Every place is the house of God, the gate of heaven. Often, when pushed and pulled by noise and movement, it seems God is nowhere – but break the word open and you have the truth: God is now – here.

How do we become awake and receptive to this presence? We might try two things:

The first: To find or create a physical space in our home or environment where we purposefully [and regularly] go to be open to God.

This is likely to be somewhere where we feel at home or comfortable. It could be a corner of a room in the house, where a chair waits, a candle just sitting there invites you to light it and a bible rests ready to restore your soul. Such a space works in a similar way that a church building does. A church is made of bricks and mortar like so many other buildings but you know when you enter why you are going there. Walking in, sitting down, you become open to God who is in that place. The dedicated space in your home becomes your ‘church’; through daily practice you have only to go there to begin the act of prayer.

Your ‘holy’ place could also be a garden shed, a bench in the park where you sit in your lunchbreak, or a place where you regularly walk. What helps is to make your going to whatever space you choose intentional, in just the same way that you choose to visit a friend or family member.

The second: Each day to purposefully seek God in a place that up to now we have found uncomfortable and that seems to work against any sense of God’s presence.

I can think of a few: For example, I rarely enjoy walking along Borough High Street, near London Bridge, where I sometimes work. There is no green of tree or plant to soften the concrete. The pavements are thronged with people walking against the flow of wherever it is I want to get to. The traffic is noisy. Why even try to seek God here? Because God is here and now. So as I walk along I breathe out my hurry and worry, and breathe in God with me. I pause long enough to see the faces that pass me, the cars moving by, the sky framed by the buildings and ask the Lord to help me see well, with an open mind and heart. Perhaps I will hold the line of a psalm as I walk along, dodging those who cannot see because their eyes are trained on the screen of their mobiles.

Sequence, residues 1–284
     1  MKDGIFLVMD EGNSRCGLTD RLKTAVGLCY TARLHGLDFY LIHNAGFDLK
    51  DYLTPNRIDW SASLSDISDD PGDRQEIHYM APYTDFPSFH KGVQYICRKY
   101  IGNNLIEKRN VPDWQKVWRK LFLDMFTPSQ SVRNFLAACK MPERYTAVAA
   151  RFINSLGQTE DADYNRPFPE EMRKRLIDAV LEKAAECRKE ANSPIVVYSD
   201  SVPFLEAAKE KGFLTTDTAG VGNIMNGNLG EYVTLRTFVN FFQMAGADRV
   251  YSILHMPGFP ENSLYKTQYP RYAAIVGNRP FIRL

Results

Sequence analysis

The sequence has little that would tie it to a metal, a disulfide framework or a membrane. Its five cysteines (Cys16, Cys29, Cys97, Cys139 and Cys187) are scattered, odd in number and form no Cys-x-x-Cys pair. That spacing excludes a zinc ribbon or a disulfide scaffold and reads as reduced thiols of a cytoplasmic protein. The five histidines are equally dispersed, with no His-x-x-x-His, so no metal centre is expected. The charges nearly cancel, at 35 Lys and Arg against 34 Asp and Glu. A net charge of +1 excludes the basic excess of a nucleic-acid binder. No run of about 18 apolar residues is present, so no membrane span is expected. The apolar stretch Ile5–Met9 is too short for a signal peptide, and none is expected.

Where is such a place for you – somewhere that is a regular part of your life? Or perhaps it will be a time of day more than a physical place: perhaps the time when you first get in from work and all the emails are awaiting you, or the commute home on a busy train.

Seek God there, and you will find. It may not be anything dramatic or immediate. God inhabits the ordinary, and moves within the waiting heart.

CC.

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April 20, Easter Thursday: ‘…while I was still with you.’

Easter Thursday

Image from: http://theproclaimedword.blogspot.co.uk/2012/04/disbelieving-and-wondering-luke-2436-48.html

… While I was still with you…

Luke 24:35-48 ”

So if He was no longer with them, saying those words, … where was He? Two of the disciples, just returned from Emmaus, were sharing their memories of meeting Jesus.

This was when they became aware of Him ‘among them’.

It does not say He walked in or even ‘appeared’ so we don’t know how long He had been there, but while they were talking about Him, He stood among them. Perhaps Jesus’ reference to being ‘with you’ in the past tense, implied a different mode of presence from that the disciples were experiencing, post-Resurrection. Jesus, having entrusted Himself to His friends in His words and in the breaking of bread, would now be present ‘among them’ in the sharing of His memory and His love.